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How to identify a PC133 Memory ?

Tuesday, October 17, 2000 Introduction

This article details on how to differentiate between PC133 and PC100 SDRAM Memory module that are used in most PC system.

The PC133 SDRAM module was designed to improve the memory bandwidth of the PC system from 100Mhz to 133Mhz.

133 MHz SDRAM typically has a speed rating of 7.5 nanoseconds when running on a motherboard with a 133 MHz Front Side Bus.

The table shows the difference in specification between PC133 and PC100 for advanced readers.

Common Confusion about Front Side Bus Frequency vs CPU Frequency ?
The Front Side Bus (FSB) or the memory bus between the Processor and the memory module, is the main highway in the PC system. The faster the bus runs, the faster data transfer can be moved to and fro between the processor and memory.

The speed of the FSB is not the same as processor speed. If you have a 600MHz Pentium processor with a 100MHz Front Side Bus, the information flowing within the processor will run at 600MHz, whenever the data is transferred outside the processor, the data will flow only at 100MHz. The limiting factor in the overall speed of your PC system is the bus speed.

PC133 SDRAM Memory
Most 133MHz SDRAM chips are actually designed to run as fast as 150MHz and are often referred to as "-7.5" (7.5 nanosecond parts). You can identify the chips by reading “-75” the last digits on the chip part numbering found on most PC133 memory module. The “-75” refers to the minimum operating clock cycle of the device.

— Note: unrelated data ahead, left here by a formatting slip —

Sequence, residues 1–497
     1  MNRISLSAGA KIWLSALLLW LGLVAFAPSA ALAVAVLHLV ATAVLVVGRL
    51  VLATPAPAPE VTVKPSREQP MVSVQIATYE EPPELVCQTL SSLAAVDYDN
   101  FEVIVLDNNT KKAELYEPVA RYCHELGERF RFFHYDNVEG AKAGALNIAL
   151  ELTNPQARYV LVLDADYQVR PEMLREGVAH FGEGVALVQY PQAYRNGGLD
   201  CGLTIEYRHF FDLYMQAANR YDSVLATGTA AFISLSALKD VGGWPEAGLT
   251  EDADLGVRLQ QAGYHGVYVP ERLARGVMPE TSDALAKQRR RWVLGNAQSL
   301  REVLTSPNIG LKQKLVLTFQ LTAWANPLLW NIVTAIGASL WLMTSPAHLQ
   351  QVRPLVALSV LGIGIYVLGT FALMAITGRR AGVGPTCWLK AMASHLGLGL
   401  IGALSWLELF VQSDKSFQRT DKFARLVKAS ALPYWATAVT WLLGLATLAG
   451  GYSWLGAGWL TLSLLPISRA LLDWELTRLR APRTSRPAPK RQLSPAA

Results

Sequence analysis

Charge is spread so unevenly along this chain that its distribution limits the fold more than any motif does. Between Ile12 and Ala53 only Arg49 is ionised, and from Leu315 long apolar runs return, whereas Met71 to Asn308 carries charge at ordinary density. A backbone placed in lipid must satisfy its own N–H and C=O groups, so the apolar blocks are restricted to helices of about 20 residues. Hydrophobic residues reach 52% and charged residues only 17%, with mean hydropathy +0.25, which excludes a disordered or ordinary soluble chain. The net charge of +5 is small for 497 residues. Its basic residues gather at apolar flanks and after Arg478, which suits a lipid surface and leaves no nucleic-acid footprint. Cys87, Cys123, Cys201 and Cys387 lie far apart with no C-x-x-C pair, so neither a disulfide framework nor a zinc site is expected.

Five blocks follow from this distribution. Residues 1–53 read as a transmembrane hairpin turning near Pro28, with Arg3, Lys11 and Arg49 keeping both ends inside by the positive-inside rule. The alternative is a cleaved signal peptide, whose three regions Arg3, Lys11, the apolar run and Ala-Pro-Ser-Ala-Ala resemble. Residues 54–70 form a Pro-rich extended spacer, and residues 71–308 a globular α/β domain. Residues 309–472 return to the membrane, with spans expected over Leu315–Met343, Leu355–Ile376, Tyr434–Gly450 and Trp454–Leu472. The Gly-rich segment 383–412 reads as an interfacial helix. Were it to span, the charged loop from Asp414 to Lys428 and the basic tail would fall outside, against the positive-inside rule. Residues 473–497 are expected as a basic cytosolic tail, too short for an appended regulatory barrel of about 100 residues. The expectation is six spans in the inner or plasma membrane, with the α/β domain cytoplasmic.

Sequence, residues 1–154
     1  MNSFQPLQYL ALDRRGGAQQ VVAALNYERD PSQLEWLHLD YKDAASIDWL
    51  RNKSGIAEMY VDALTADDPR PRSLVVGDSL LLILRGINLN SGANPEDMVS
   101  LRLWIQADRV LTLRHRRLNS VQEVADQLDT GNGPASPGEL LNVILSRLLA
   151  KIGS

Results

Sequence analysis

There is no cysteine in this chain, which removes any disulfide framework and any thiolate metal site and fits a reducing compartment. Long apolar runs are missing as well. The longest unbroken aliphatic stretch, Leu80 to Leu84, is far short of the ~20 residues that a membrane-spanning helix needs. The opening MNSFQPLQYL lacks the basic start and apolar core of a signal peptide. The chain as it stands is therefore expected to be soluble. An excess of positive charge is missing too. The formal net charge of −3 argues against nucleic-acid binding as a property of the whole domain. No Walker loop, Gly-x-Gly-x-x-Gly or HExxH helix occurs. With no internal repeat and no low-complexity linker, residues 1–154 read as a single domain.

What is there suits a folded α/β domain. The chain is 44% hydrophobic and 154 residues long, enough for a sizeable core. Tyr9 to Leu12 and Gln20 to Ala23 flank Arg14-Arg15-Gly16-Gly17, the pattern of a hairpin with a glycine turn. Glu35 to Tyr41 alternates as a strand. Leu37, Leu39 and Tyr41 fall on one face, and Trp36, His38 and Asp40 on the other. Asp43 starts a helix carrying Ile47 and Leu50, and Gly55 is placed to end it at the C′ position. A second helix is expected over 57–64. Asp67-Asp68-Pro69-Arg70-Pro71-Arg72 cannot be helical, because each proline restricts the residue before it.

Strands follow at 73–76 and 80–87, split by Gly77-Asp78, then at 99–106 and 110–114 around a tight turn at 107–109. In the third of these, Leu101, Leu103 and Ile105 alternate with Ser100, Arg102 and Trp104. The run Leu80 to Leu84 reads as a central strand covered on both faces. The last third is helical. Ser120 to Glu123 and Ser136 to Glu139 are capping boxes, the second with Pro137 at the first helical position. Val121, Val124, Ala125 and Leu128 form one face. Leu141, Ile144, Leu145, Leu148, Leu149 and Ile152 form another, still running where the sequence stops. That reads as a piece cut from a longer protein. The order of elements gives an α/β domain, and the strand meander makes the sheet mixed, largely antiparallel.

How to determine the frequency of the module?
A simple way to determine if the module is PC66, PC100 or PC133, is by simply reading the last digit of the chips part number.

In the above picture – the chip is made by samsung and you can see the last digit represents “G8” indicating it’s a 125Mhz device, or a PC100 memory module with reference to Samsung data sheet.

The KM48S8030-G8 is 67,108,864 bits (64Mbit) synchronous high data rate Dynamic RAM organized as 4 x 2,097,152 words by 8 bits, fabricated with SAMSUNG`s high performance CMOS technology.

Samsung Part No
KM48S8030DT-G7 : 133MHz(CL=3)
KM48S8030DT-G8 : 125MHz(CL=3)
KM48S8030DT-GL8 : 100MHz(CL=2)

If your memory module does not use samsung chip , you can easily log on any semiconductor manufacturer web-sites to download their chip specification for cross reference, and most manufacturers would use similar part number system to distinguish different speed grades on the chip.

The following table shows an example of a specification found on most manufacturer web-site.This are some of the leading semiconductor manufacturers website :

- www.micron.com
- www.nec.com
- www.ibm.com
- www.hyundai.com
- www.toshiba.com
- www.hitachi.com

What is CL2 and CL3?
CL2 parts process data a little quicker than CL3 parts in that you have to wait one less clock cycle for the initial data. However, after the first piece of data is processed, the rest of the data is processed at equal speeds. Latency only affects the initial burst of data.

Once data starts flowing, there is no effect. Bear in mind, a clock cycle for a PC100 module is 10 nanoseconds so you probably won't notice a significant performance difference.

Most systems will accept either latency part. However, there are some systems that require either CL2 or CL3 parts.

How does the system knows what CL value to read ?

During Bootup, the system BIOS reads the value for CL , Trcd and Trp programmed into the Serial Presense Detect(SPD) on the SDRAM DIMM and the memory controller will issue SDRAM commands to meet the memory device requirements.